“increasing frequency and visibility of corruption in both business and politics” (Shafiq, 2014, p.136). Shafiq (2014) analyzes the changes in India, assessing that their ability toincrease their economic stability might have resulted from moral change. Prior to this change, Shafiq (2014) noted that bribery was an accepted policy of from all facets of life– from the public to government officials. Tolerance for bribery allows for a form of acceptance, but also limits the effectiveness of businesses to provide goods and services (Shafiq, 2014). Bribery affects a society to a point where it can significantly delay economic progress, particularly in the global economy and its effect of a “hyper competitive environment” that can foster “greed, power, and corruption” (Fischer, n.d.). The acceptance and prevalence of bribery comes down to an individual’s morals and values. However, this is also subjective to what can be accepted by society
(Banerjee, 2016). Continuing to use India, if society is accepting of bribery, then how can an individual make an impact to follow on a strict moral code of limiting bribery for the greater good of society to prosper. An individual can change behavior based on what is socially acceptable but changing society’s rules from an individual level is harder. ReferencesBanerjee, R. (2016). On the interpretation of bribery in a laboratory corruption game: Moral frames and social norms. Experimental Economics, 19(1), 240-267. . Fischer, K. (n.d.). Global and Big BusinessShafiq, M. (2014). Aspects of moral change in India, 1900-2006: evidence from public attitudes towards tax evasion and bribery. World Development, 68, p.136-148. doi: .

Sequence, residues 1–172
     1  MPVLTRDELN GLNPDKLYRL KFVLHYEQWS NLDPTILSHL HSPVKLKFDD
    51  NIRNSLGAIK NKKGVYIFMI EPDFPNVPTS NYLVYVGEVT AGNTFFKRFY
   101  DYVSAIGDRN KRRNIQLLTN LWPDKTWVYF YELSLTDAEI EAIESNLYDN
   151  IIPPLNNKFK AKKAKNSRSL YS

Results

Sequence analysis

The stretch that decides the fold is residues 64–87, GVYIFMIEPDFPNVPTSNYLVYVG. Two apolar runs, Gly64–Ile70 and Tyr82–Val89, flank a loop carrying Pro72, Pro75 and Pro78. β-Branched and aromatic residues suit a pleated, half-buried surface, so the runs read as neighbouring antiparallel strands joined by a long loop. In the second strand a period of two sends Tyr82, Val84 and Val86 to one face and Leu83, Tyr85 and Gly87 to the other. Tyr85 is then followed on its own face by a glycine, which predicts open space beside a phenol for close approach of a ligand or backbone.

You've reached the end of your free preview.
Want to read all 7 pages?
- Summer '14
- Corporate social responsibility, United States Department, Melanie Cole